When I worked as a librarian, one of the most frequent requests was for books about vehicles. Boys, girls, parents, teachers - they all asked for books about things that go. As far as we were concerned, there were never enough books to satisfy the need. And now that I have a little boy (who we call Albert here) in my life, I know that still holds true. On every trip to the library, we are always scanning the shelves for more books about his biggest loves - vehicles. This is why one of his favorite books currently is Mighty Dads. And Albert wants both story and information at the same time, so he can learn more facts while we read. There are very few books which combine story and fact to his liking, I am so lucky to count the author of Alphabet Trains as a friend, and even luckier that she created this second book in the series (I reviewed Alphabet Trucks here, another Albert fave.).
Alphabet Trains follows the same general pattern as Alphabet Trucks did. There is an introductory verse on the first page. It serves to set up excitement for readers. They are invited on this train trip. As the train in the illustration pulls away, a crowd surrounds the train, waving joyfully. I'll take a quick moment here to note that unlike most of my reviews, where I write about text and illustrations separately, with Alphabet Trains I'll mostly talk about both pieces together. That is because text and illustration complement each other so seamlessly here. I am really not sure I could talk about each individually! So as the train leaves, and everyone waves, we see that the first car of the train is filled with letters, Here is our first glimpse of the alphabet train.
Each subsequent page includes two rhyming lines about a type of train along with an accompanying illustration. As he did in Alphabet Trucks, O'Rourke adds the featured letter into its illustration with ingenuity. In the letter A (for Auto train), the giant racks where passengers load their cars are A's themselves. On the Pacific Surfliner page, each of the waiting passengers sport a P on their t-shirts. The text for the letter U is "U is for unit train - one freight to one location.". And, indeed, the picture shows that the freight on this particular train is all capital U's in a row. Clever!
It really does seem like a daunting task to come up with twenty-six different types of trains, but Vamos completes the task with grace. And these trains aren't all passenger trains either. There isn't an Amtrak or the B&O Railroad, familiar to us from the Monopoly game, listed here. Instead, types span from the Q subway train (familiar to me from my review of Lost in NYC) to the Hurricane Train in Alaska. There are bullet trains, top-and-tail trains, and dinky trains. For young train enthusiasts, this book is a winner - it gives them twenty-six new trains to learn about as well as a catchy way to categorize them all.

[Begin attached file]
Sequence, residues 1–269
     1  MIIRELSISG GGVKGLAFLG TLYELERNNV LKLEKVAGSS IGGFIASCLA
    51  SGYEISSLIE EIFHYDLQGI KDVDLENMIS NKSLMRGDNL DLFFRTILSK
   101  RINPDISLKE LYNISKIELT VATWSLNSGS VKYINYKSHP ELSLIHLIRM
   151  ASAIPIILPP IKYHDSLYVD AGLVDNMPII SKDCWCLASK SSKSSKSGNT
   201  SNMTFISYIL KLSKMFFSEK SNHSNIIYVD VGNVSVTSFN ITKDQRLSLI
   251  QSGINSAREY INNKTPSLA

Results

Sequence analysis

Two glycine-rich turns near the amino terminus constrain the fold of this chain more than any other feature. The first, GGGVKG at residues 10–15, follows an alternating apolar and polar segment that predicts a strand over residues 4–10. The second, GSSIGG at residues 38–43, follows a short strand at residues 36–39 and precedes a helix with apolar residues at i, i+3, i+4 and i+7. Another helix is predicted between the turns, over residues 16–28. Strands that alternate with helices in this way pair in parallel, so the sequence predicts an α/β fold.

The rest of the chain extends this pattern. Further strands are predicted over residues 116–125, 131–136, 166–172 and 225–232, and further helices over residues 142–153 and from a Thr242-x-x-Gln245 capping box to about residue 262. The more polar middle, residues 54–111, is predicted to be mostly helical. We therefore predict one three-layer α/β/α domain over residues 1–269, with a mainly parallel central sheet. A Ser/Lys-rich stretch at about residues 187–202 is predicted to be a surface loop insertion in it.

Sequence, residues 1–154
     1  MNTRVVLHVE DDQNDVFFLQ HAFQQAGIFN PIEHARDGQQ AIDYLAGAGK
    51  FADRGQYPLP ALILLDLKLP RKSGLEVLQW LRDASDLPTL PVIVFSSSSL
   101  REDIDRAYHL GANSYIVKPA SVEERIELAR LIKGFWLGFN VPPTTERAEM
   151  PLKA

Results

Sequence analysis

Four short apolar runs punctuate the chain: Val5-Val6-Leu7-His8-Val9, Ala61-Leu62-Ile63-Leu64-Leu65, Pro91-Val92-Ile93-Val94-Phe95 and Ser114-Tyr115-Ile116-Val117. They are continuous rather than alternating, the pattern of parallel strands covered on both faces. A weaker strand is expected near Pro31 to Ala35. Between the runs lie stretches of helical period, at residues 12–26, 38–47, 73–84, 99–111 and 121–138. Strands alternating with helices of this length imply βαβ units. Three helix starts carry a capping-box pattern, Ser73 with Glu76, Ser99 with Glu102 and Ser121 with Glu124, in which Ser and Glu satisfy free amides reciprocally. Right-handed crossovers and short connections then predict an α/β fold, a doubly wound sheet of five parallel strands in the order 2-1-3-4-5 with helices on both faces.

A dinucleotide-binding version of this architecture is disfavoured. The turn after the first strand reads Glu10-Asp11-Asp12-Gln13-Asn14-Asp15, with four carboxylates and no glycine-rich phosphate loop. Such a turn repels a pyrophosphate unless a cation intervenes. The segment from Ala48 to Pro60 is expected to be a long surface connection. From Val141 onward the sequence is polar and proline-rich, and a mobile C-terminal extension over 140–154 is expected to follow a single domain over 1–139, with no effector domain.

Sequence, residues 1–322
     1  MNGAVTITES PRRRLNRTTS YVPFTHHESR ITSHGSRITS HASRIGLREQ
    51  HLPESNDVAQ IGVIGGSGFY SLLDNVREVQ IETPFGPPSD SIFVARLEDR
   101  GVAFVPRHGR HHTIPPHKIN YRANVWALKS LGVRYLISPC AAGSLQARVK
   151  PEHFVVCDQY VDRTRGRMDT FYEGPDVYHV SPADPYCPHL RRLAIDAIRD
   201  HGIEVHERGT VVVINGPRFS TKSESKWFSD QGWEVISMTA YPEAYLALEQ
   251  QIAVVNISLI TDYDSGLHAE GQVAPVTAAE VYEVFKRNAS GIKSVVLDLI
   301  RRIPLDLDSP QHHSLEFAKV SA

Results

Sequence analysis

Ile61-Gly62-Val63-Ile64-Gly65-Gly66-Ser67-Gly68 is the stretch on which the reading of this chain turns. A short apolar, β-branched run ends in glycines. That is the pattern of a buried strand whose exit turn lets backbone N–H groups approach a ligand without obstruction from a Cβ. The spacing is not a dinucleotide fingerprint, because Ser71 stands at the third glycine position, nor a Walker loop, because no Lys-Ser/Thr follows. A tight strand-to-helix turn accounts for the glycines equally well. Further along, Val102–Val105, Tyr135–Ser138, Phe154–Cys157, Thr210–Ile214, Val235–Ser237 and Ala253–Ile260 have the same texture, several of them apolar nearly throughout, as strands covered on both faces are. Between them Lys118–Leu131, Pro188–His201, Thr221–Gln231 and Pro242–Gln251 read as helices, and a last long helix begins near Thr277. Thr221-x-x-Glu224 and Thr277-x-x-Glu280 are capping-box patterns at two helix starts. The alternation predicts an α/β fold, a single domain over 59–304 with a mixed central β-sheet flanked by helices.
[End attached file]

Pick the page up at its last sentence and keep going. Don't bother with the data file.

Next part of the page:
There are a couple of new additions to the series in Alphabet Trains that I wanted to mention here. Alphabet Trains includes international trains as well, which is a great choice. Trains are trains the world around, but it is how those trains are used in various countries that is so interesting. For example, the Victoria Express - it travels between Hanoi and Lao Cai, and includes air-conditioned sleeping cars. These are so necessary in a tropical environment! There's also the Leonardo Express, in Rome. It simply moves passengers from the airport to the Central train station, but does it efficiently in thirty minutes. And finally the Glacier Express (which I have to admit, I believed was here in Montana, in Glacier National Park). It's actually in Switzerland, and moves at a glacial speed, taking advantage of all the incredible scenery. Including trains from around the world helps keep the audience for Alphabet Trains entranced.
And I wouldn't know all these facts about these trains if it wasn't for an addition to the book that I love most of all - back matter. There are two pages packed with facts about each of the trains at the end of the book. These facts are so useful. With only two lines of text per train, there isn't much room to identify the train. The back matter will also appeal to those train enthusiasts who want to know more. Again, when Albert and I read Alphabet Trains together, it helped us learn more information. There is no way I would have known all the facts he wanted without those pages. On the Hurricane train in Alaska, riders must wave a flag to get the train to stop for them. And they also have to inform the conductor what milepost they want to get off at. They are equal participants in their train trip!
With so many great changes, though, I am happy to report that some of the things I loved best about Alphabet Trucks is still alive and well in Alphabet Trains. I've already mentioned how well integrated the text and illustrations are in this title. But I'd also like to point out what a strong literacy impact these books have. I mentioned that O'Rourke incorporates the featured letter wherever he can. But he also uses the letters in different typefaces, both print and cursive, and in capital and small letters. It is fun to stop and admire each page, noting all the ways that letter has been used or displayed while still depicting the train accurately.
I cannot say enough how great I think these books are. And while I've focused mostly on younger reader here, this title could be used as an informational book up to fifth grade. IT can help springboard students into additional reading. We love Alphabet Trains! I've heard a rumor that there may be a third book in the alphabet vehicle series... we'll be first in line!
Alphabet Trains. Samantha R. Vamos; illustrated by Ryan O'Rourke. Charlesbridge, 2015.
sent by the publisher for review